It would be a great omission not to refer to the waterfalls, rivers and flora and fauna of this region. Vast expanses of rice fields, an endless expanse of virgin forest, and a dazzling array of flora, fauna, and ancient caves make this place stand out as one of the best biodiverse eco-travel vacation options on our planet.
Trees such as teak, salt, sirsa, tamarind, amla and mahua form an important part of this varied landscape. The forest range is home to a number of endangered species with the Bastar hill myna at the top of the list. This unique bird is perhaps the only one that can mimic the human voice to produce a real-time effect. Camping facilities are provided, especially the camp at Chitrakote Falls, which offers an experience to appreciate.
Bilaspur is best known for its Kosa silk and its quality. It is the second largest city in the state. The city is about 400 years old and the name is derived from Bhilasa, which means fisherwoman. The city of Bilaspur can be used as a gateway to the virtually unknown north of Chhattishgarh.
Sirpur is a small town about 84 km from Raipur, the capital of Chhattisgarh. It is well known for its archaeological monuments. This city is situated on the banks of the Mahanadi River and has a rich cultural and architectural heritage. Sirpur during ancient times was a well-known center of study and art due to its political stability and religious tolerance.
Laxman Temple in Sirpur
This brick temple is one of the best brick temples in the country. Its original pattern, exquisite carvings and precise construction with excellent symmetry is unique. This panchrath type temple has a Mandap (Shelter), Antraal (Passage) and Garbh Grih (the main house). On both sides of the entrance there are many incarnations of Lord Vishnu, ornamental symbols of Krishna Leela, erogenous images and Vaishnava Dwarpal, giving the temple a purely historical look. The temple is believed to have been built by Emperor Magadh Suryavaman in 650 AD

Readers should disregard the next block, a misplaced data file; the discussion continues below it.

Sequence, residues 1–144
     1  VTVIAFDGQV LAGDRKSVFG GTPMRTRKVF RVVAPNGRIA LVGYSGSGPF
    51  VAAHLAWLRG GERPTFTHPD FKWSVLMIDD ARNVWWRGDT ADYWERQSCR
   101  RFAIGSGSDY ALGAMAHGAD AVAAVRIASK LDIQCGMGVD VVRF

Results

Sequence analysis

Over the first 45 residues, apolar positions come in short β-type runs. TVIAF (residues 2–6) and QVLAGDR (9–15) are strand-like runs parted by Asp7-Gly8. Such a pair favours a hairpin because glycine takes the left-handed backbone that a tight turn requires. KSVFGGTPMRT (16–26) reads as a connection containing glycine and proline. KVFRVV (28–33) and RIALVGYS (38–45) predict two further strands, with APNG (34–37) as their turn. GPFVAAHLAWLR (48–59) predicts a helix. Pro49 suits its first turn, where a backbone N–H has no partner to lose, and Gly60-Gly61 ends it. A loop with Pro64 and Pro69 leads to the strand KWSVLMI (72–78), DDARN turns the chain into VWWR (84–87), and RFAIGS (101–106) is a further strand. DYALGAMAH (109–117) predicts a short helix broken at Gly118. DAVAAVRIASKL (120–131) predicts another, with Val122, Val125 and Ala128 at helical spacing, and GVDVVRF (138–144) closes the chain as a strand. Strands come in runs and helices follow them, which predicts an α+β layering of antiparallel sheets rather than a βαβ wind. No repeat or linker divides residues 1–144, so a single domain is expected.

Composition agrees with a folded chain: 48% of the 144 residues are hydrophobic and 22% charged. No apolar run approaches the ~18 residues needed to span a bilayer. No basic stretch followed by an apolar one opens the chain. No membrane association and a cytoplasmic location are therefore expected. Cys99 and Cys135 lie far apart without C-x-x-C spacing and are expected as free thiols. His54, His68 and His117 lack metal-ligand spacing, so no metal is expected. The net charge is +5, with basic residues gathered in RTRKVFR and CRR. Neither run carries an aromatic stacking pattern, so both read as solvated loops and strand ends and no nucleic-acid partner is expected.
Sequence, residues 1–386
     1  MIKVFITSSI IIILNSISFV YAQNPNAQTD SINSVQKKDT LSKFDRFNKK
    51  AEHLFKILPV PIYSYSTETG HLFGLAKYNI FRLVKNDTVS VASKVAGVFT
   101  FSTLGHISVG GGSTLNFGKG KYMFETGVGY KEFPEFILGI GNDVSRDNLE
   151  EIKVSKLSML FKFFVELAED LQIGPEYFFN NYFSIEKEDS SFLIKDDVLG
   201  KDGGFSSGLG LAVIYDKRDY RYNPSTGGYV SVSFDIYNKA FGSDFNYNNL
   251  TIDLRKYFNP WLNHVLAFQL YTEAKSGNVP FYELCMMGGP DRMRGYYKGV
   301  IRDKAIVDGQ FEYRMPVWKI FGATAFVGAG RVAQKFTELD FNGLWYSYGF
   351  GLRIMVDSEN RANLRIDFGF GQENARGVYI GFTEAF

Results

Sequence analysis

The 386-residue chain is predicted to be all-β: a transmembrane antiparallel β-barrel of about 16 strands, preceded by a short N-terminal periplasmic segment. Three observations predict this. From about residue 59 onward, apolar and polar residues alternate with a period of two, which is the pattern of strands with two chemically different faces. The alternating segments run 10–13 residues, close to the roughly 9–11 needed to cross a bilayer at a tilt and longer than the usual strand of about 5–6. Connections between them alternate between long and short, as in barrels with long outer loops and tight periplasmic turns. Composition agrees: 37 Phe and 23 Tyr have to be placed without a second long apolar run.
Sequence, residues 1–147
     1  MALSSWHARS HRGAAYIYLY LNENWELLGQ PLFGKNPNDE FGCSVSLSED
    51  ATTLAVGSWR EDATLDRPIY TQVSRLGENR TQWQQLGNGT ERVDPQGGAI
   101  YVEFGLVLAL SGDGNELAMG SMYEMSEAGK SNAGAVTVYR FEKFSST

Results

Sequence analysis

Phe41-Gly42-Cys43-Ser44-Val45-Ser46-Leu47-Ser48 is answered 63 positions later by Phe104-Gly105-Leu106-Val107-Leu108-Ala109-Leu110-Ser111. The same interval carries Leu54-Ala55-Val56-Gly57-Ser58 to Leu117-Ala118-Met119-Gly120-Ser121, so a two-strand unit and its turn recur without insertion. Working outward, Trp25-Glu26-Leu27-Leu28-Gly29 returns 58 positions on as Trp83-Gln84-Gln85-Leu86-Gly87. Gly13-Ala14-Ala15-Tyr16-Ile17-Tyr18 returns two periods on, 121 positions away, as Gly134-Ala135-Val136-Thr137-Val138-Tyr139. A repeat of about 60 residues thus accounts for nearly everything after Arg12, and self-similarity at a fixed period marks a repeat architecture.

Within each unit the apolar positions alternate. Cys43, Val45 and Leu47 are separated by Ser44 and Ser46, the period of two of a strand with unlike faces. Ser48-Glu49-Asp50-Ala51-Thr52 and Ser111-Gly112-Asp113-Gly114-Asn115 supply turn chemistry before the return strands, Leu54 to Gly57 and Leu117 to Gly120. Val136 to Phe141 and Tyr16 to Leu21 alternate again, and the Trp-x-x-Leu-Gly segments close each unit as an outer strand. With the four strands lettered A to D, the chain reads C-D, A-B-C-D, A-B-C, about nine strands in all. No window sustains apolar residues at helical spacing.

This festival is celebrated on the Amavasya of the Bhadrapad month of the Hindu calendar, which falls mainly in August. Being an agricultural state, Pola in Chhattisgarh has a special significance as it is celebrated to worship the oxen for their year-long service.
It is celebrated on the Bhadrapad Skula Panchami of the Hindu calendar which falls mainly in August. As the name suggests, it is the celebration of the new harvest beginning to ripen. People wear new clothes, offer prayers at temples, and exchange the varieties of recipes made that day.
Dussehara in Chhattisgarh has a special meaning due to the different ways it is celebrated. Although Dussehara is celebrated as the return of Lord Rama to Ayodhya after his victory over Ravana throughout India, it is celebrated in Bastar for other reasons. It is about the importance of Danteshwari Devi in the lives of the people there.
Located 18 km from Kawardha on the Raipur Jabalpur road, on the banks of the Sankari river, among the Satpura hills and its picturesque valleys, the Bhoramdeo temples have a special appeal for lovers of history and archeology. The temples were built by the famous King Ramachandra of the Nag dynasty. These temples are excellent examples of contemporary architecture and have sculptures similar to those of the Khajuraho temples.
how to reach
Raipur, the capital of Chhattisgarh, is connected to other cities in the country by air and rail.
There are two national highways connecting Chhattisgarh with the rest of India:
* NH 6 which runs west to east from Nagpur in Maharashtra to Orissa, where it branches off to Kolkata and Bhubaneshwar.
* NH43 (one of the best-laid National Highways in India) runs north-south from Kawardha through Raipur to Jagdalpur and on to Orissa and Andhra Pradesh.
Summer can be uncomfortably hot, with temperatures reaching over 40 degrees. The monsoon, which is from mid-June to October, is a wonderful time to visit with rain showers providing a respite from the sweltering heat and the entire state being swathed in green. The waterfalls provide a spectacular sight during this season. Winter, which is from November to January, is also a good time to visit, as temperatures drop and the air is less humid.
If you have the opportunity to visit Chhattisgarh, believe me, it will be a unique experience. So grab it with both hands!